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Understanding Indigenous heritage sites: Susan Roy’s SSHRC Partnership Development project

Wednesday, December 4, 2013

marpole protest

Musqueam First Nation protesting for the preservation of the ancient Marpole Village burial site. Credit: Sharon Stogan

“Indigenous communities in Canada have been at the forefront of developing collaborative research partnerships with universities,” says Susan Roy of the Department of History. As principle investigator on the SSHRC funded Marpole Project: the history and politics of Indigenous heritage sites in Canada, Professor Roy examines Indigenous and non-Indigenous understandings of heritage resources and cultural property in Canada.

Marpole objectsA collaborative research approach is, of course, key for uncovering multiple perspectives. The Marpole Project partners are the Musqueam First Nation, the Museum of Vancouver (MOV), the Museum of Anthropology at the University of British Columbia, and UWaterloo.

Focusing on an ancestral village and burial site of the Musqueam people located in what is now Vancouver, Professor Roy explains that the site is the home of “thousands of precious, intricately carved bone and stone objects as well as hundreds of ancestors.” These burials and cultural objects were removed from the Vancouver location in the late nineteenth century and have been dispersed among museum collections across North America.

“A few years ago, the MOV, the Musqueam, and I planned to collaborate on an exhibit because the museum had over 1,500 cultural objects in their collections that originated at this place,” says Professor Roy. “The museum wished to provide a critical history of their collecting and display practices, develop a richer understanding of this collection, and offer Indigenous interpretations of this history.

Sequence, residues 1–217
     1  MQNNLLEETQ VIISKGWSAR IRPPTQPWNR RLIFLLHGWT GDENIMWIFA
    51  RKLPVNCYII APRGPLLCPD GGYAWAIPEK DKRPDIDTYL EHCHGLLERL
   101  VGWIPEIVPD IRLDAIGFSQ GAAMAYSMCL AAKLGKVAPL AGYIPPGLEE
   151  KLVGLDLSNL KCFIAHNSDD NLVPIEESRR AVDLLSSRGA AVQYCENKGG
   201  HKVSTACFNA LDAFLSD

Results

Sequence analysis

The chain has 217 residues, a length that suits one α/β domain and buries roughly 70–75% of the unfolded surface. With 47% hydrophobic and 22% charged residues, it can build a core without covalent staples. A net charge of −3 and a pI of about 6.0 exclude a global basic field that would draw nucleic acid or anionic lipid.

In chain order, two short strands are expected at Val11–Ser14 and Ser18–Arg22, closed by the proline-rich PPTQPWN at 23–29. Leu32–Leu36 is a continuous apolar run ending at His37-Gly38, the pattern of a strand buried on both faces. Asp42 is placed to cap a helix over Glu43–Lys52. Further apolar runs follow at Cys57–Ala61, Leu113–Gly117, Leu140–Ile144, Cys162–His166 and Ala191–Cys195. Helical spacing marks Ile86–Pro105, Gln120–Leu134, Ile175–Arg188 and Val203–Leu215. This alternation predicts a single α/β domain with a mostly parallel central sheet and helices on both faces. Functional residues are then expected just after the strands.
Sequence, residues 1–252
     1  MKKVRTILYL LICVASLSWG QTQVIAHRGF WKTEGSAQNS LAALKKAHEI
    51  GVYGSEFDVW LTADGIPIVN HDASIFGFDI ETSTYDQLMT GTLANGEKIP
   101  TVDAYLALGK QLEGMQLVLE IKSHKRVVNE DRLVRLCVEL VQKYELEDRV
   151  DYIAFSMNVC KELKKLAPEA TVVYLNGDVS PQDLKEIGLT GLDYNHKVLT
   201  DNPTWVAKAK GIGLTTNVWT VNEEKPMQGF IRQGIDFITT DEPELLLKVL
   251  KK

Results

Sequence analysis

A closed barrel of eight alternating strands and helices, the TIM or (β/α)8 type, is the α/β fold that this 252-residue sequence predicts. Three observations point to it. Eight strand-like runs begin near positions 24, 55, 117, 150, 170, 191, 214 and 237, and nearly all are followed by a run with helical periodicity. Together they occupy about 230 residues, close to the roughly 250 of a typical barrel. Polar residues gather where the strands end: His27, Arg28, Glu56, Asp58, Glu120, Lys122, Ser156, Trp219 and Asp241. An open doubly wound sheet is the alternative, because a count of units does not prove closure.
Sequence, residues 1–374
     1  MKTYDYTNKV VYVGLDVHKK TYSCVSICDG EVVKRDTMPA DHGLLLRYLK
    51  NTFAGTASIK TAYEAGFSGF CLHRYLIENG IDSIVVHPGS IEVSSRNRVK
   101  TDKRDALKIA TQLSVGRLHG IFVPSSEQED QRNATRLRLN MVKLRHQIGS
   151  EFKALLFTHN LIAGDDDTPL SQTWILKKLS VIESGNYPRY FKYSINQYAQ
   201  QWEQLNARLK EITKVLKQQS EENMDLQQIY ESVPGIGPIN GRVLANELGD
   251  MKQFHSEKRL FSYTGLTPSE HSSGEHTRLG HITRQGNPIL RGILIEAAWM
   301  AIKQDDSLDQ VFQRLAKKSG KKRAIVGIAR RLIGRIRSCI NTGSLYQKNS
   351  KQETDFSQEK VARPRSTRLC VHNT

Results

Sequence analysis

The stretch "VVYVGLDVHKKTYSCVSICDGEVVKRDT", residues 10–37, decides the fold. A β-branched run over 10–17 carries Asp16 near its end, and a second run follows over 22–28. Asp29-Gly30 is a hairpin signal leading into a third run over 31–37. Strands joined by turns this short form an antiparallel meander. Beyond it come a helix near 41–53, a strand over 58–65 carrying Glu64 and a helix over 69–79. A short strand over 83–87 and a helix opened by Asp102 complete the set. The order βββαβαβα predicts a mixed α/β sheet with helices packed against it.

“In the winter of 2012, the project took on a renewed sense of urgency when construction for a condominium development unearthed four ancient burials, leading members of the Musqueam community to establish a 24-hour vigil at the site.”

The project will culminate in January 2015, as a series of exhibits exploring the history and politics of the site, at the partnering museums, along with a virtual exhibit depicting the history of the site, 3-D modeling of objects, and a digital archive. 

In the following years, Professor Roy plans to expand the investigation of conflicts surrounding Indigenous cultural property in other locations in Ontario and across Canada.

Susan RoyShe hopes that the project and exhibits will bring Indigenous perspectives to a broader audience. “It’s a privilege to work with partners who bring such diverse approaches and experience to the table.”

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